Thanks to the startup company VoteCastr, voters — or anyone — looking for live election returns and projected results before polls close on election day in the United States can now find those results online. And we’re about to tell you how to find out who’s winning right now, Hillary Clinton or Donald Trump.
But the VoteCastr initiative, carried out in partnership with the online political magazine, Slate, and the multimedia news organization, Vice, is already causing controversy — the final capper on a 2016 Presidential Election that has been wire-to-wire controversies. The early results are bringing up comparisons to the 1980 election, in which it was widely believed the TV networks announcing the results of the election between then-President Jimmy Carter and Republican challenger Ronald Reagan before polls closed on the west coast led to an early concession speech by Carter and caused voters in areas of the country where polls were still open to simply stay home.
Will the same thing happen in 2016, as a result of the VoteCastr project? That’s up to you, the voter. There’s nothing requiring anyone to follow the VoteCastr live results. But for those too curious to wait until 11 p.m. Eastern Time when polls finally close in California, there are two primary ways to stay up to date on the VoteCastr live election results.
First, Slate will post VoteCastr data on a live blog starting 11 Eastern Time. Click on this link to access the Slate live blog, which should be refreshed frequently throughout the day.
The live results can be customized in a number of ways. For example, users can see statewide results — or the results only from Clinton strongholds or Trump strongholds.
Also, Vice will be streaming live video from its Brooklyn, New York, editorial offices, home of the VoteCastr “War Room,” all day long on Tuesday, November 8. The live results will be announced and analyzed by experts the moment they come in, and you will be able to see the latest totals by viewing the live stream video below.
As an alternative, visit the Vice site directly, where the video is also streaming live, by clicking on this link.
VoteCastr is breaking with a journalistic tradition that goes back at least to 1980 when there were reports of chaos at the polls when it became clear early in the evening that Reagan was on his way to defeating Carter, and the news media reported that information.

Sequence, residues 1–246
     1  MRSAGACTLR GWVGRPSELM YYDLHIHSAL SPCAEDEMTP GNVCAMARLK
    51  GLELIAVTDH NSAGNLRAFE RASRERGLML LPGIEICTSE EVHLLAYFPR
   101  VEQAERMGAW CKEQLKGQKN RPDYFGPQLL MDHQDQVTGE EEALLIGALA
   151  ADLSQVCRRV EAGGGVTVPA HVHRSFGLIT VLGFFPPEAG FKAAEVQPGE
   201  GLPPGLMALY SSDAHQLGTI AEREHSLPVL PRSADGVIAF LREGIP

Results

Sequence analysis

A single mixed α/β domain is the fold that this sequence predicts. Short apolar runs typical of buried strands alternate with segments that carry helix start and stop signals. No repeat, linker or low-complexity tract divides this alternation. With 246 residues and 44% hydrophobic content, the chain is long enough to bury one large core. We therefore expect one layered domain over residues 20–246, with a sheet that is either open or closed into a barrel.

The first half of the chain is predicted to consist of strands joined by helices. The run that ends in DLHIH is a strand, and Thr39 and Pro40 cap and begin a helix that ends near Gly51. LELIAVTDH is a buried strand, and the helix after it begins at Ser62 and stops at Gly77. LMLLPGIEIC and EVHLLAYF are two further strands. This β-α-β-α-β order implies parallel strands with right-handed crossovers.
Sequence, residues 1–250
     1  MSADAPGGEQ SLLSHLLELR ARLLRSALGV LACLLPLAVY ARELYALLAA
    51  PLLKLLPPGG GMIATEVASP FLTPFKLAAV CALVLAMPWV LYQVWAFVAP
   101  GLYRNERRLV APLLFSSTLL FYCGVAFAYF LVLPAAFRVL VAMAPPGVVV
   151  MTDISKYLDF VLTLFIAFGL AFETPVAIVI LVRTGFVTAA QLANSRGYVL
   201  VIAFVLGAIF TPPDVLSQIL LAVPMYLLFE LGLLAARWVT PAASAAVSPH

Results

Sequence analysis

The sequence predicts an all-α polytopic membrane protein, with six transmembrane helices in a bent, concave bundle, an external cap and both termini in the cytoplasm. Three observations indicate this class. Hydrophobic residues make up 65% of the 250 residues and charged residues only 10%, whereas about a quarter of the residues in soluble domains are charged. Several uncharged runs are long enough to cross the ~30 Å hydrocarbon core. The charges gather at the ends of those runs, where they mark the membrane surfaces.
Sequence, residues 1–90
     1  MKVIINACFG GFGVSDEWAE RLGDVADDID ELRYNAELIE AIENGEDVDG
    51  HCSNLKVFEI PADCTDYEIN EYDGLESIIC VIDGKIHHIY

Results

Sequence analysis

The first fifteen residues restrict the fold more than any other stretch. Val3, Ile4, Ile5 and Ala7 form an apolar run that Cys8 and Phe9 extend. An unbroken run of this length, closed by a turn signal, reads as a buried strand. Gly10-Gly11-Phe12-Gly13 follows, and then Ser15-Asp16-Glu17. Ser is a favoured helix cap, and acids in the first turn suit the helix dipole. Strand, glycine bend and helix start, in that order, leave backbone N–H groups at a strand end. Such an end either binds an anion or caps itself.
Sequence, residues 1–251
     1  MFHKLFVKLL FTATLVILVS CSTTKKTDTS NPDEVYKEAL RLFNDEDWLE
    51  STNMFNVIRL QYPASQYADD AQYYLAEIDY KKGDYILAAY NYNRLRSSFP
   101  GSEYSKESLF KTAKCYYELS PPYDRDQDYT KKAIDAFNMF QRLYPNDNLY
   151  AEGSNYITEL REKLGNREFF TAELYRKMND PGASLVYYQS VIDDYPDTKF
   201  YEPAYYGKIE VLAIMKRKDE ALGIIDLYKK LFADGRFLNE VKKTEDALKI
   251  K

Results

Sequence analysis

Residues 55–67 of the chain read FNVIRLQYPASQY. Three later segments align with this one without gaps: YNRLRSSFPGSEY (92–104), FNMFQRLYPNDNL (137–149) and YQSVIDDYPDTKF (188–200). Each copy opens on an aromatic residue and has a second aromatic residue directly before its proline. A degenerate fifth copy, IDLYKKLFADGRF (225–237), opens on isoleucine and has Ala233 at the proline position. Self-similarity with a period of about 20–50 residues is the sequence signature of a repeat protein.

“There was an uproar in the West… when NBC News led its two rivals in calling the election for Ronald Reagan at 8:15 p.m. Eastern time, almost three hours before the voting ended in California and other Pacific Coast states,” Washington Post columnist David Broder wrote. “There were reports of people leaving the lines outside polling places, of drivers on their way to the polls going home instead. There were accusations from losers of close local races that the broadcasts had cost them the election.”
Will the VoteCastr live results have the same effect, perhaps tilting the election in favor of whoever the company reports to be leading early in the day? Slate doesn’t think so.
“We will be measured and precise in how we frame and present the information; we won’t be calling Florida for Hillary at 11 a.m., or calling any states at all,” wrote the publication’s editor-in-chief, Julia Turner. “We’ll simply be taking the unprecedented step of showing you Election Day as the insiders see it. It’s your election, after all.”
But election experts, such as Nate Cohn of the New York Times Upshot, say that the information provided by VoteCastr could prove faulty because it will be based largely on surveys of voter turnout, which can fluctuate wildly throughout election day.
“Younger voters don’t usually vote in the morning, and many voters in nine-to-five jobs might surge to the polls in the evening, Cohn wrote on Monday. “The VoteCastr model makes no effort to adjust for this. It will treat turnout as if it’s uniform throughout the day: If 10 percent of the day has passed, it will expect 10 percent of the vote to be counted. This can cause considerable variance in the estimates as the hours go by.”
But with the warnings and cautions offered by Cohn and other critics in mind, voters and anyone around the world curious to follow the United States 2016 presidential election results in real time can now choose to do so without waiting for the television networks to say it’s okay.
[Featured Image By Chip Somodevilla/Getty Images]